Chapter 4 – The Narcissist

It was a slow day. The birds seemed to be engaged in a never ending song which could be heard from above in the vast trees. Their shade extended over the wild grass. The sun was shining through the leaves, flickering on the narrow paths under the trees. These paths, much like the trees in which the birds had made their homes, were a product of time. Grass worn down by timeless feet, moving under the trees. There was a set of large stones almost next to the trunk of the oldest tree. It was a natural, yet necessary place of rest for all those who ventured there. It is often heard that spending time in nature brings peace. A chance to clear your mind, gather your thoughts and to look around at the natural arrangement of so many things existing in harmony. This makes you wonder, what are we doing here? In a perfectly balanced environment, we have a plethora of complicated problems to deal with. Most of them, ironically are created by our very own existence. Humans creating problems for humans. Is this what we are here to do? To avoid, solve, or handle circumstances that disturb our peace. Circumstances that we don’t even have anything to do with? Why don’t we have the choice to just alleviate ourselves of this turmoil and become peaceful?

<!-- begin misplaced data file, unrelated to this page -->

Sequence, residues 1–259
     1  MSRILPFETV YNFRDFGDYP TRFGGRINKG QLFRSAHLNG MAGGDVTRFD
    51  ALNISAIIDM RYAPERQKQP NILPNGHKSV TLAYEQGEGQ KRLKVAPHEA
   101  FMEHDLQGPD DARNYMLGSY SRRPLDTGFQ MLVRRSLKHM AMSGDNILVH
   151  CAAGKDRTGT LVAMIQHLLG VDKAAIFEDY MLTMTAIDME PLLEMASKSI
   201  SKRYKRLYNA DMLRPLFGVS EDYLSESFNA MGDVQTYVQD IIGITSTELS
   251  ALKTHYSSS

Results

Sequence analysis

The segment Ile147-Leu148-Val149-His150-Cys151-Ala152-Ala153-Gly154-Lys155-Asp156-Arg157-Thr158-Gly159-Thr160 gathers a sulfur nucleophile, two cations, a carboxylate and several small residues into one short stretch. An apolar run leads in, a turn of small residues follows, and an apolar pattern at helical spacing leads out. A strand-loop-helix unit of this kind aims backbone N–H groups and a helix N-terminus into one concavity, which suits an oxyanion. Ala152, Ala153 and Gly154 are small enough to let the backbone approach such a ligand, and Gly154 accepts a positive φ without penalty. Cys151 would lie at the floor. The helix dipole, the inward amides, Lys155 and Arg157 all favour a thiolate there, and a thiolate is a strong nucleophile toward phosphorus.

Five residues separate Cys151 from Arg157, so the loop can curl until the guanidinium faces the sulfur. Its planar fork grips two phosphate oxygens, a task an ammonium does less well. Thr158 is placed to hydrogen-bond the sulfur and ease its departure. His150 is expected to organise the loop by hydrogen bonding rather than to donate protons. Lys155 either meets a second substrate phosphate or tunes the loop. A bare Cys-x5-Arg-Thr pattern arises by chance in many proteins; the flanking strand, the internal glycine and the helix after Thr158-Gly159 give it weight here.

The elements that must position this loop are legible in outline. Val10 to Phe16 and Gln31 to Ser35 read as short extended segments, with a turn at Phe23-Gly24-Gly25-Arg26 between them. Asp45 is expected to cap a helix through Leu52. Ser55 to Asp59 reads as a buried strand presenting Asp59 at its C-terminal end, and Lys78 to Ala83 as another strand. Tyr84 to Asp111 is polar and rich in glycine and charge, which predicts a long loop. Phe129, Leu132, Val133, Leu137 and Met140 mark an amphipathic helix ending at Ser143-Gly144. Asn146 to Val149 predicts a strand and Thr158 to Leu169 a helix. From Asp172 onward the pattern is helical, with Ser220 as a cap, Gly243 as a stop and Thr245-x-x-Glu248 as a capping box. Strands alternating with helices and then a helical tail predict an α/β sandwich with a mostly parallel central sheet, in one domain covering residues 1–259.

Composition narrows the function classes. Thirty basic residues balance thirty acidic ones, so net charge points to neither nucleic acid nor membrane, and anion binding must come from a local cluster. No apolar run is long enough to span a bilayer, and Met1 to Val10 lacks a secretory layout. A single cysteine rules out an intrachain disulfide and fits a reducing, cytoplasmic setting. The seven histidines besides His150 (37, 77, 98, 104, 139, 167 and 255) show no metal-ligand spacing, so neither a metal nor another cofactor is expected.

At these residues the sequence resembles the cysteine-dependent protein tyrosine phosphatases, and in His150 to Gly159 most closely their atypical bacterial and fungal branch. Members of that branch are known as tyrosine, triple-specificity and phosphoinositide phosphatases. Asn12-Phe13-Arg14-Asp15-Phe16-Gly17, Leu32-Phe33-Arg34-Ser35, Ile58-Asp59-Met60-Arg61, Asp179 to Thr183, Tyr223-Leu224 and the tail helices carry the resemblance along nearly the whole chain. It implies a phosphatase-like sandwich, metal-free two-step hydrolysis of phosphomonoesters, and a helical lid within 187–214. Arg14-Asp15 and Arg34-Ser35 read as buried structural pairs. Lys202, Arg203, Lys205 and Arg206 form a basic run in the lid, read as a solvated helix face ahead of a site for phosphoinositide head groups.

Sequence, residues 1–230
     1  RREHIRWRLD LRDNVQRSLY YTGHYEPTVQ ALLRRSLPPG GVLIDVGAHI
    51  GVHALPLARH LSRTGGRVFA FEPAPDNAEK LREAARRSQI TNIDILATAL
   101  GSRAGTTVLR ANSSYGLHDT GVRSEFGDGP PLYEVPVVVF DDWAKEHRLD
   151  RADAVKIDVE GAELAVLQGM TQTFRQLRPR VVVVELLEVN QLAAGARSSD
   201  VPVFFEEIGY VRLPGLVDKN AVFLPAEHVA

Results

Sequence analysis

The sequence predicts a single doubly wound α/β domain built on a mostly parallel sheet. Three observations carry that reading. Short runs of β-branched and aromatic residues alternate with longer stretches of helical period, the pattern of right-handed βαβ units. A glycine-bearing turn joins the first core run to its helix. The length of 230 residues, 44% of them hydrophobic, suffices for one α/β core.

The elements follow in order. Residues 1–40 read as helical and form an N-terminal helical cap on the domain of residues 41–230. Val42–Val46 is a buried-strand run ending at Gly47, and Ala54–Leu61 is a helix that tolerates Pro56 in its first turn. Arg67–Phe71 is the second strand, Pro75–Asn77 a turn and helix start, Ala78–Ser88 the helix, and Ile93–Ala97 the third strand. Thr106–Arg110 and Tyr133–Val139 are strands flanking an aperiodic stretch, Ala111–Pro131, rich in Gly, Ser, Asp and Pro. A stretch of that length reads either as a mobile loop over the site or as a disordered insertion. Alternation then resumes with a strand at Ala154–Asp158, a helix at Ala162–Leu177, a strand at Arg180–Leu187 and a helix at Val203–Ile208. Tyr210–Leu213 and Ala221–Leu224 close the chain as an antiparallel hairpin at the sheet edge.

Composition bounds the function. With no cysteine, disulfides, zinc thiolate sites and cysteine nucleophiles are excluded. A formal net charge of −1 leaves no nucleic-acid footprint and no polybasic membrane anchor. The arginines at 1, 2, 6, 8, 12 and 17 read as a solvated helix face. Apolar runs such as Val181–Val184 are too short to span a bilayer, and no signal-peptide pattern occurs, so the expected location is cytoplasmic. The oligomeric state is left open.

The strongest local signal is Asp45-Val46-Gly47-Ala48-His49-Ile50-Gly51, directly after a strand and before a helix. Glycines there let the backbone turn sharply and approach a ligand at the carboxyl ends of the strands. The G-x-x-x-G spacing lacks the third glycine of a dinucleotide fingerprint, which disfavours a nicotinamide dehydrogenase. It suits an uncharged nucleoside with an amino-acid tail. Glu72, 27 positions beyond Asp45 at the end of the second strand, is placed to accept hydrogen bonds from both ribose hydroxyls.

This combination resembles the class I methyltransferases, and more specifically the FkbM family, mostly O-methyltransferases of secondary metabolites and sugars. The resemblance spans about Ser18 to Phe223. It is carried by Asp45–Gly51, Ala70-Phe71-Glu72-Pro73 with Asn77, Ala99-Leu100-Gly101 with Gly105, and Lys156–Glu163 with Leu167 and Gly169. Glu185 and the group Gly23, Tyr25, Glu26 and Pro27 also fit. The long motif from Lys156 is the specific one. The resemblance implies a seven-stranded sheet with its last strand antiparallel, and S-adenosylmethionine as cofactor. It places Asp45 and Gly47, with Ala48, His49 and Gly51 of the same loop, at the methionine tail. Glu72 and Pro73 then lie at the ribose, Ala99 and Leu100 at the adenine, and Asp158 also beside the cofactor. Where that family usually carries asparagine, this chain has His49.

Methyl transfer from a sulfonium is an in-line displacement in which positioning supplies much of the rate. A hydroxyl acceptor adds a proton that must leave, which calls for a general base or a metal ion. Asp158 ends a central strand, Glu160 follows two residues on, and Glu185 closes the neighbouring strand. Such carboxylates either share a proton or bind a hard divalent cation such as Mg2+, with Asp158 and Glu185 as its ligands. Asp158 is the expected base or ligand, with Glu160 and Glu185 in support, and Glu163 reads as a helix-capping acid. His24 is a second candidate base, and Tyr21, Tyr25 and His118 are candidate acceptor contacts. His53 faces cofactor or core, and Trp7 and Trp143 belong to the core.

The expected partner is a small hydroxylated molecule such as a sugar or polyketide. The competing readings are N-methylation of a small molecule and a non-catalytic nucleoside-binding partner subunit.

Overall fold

“We do”, he answered. We sat on the stones as the leaves rustled above us with gentle wind. The flickering sun warmed our backs and our eyes enjoyed a magnificent view of unending plains with far off mountains. “We can tame ourselves to love who we are and reflect our self-understanding in our everyday interactions by controlling our emotions, prioritizing virtue and practicing self-love” He looked at me with a rather assuring smile, “When you know your true worth, you learn to withdraw from things and circumstances that are not worth your peace yet you don’t choose momentary peace over a righteous struggle to achieve something lasting. To enable yourself to recognize the battles worth fighting, is to enable yourself to love yourself” He finished and reached for his satchel. “How would you define righteous?” I asked him as he rummaged through his belongings looking for something. “By virtue and ethics” He responded rather quickly. “Everybody has a different perception of right and wrong. One may also differ in defining virtue” He stopped and pulled out a tiny piece of wood. It was polished and gleamed in the flickering rays of light. It had something carved into it. “Virtue is constant, and always will be. It is as simple as not hurting another with your words or your actions. It is as simple as understanding that preferring things that make you happy are only worth it if they bring good about you” Then he showed the wooden piece to me.